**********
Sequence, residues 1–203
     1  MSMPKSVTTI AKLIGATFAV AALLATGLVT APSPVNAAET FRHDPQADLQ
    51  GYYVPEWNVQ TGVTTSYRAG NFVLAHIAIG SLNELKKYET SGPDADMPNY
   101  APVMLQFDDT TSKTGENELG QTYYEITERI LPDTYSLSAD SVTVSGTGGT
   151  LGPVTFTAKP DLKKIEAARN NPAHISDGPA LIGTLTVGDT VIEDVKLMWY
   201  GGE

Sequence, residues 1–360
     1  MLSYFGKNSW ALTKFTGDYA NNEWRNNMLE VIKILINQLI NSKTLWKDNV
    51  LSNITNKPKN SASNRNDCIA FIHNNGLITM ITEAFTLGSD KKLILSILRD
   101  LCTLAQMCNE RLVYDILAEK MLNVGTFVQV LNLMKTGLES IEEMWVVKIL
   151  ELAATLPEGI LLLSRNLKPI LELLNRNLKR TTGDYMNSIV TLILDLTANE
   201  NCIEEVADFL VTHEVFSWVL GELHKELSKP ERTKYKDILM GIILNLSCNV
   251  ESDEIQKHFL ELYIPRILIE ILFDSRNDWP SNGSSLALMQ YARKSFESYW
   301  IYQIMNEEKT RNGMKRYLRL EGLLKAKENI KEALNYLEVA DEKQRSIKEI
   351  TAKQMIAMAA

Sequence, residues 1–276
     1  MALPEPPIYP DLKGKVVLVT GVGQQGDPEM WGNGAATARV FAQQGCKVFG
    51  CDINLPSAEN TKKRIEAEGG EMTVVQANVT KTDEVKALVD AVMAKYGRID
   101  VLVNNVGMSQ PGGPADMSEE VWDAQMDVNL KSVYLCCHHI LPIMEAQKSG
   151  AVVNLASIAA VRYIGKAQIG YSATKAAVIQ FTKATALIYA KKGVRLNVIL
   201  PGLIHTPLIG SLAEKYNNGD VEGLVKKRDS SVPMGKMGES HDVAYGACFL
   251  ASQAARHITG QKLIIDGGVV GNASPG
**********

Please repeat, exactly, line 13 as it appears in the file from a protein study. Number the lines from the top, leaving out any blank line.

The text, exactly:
   251  ESDEIQKHFL ELYIPRILIE ILFDSRNDWP SNGSSLALMQ YARKSFESYW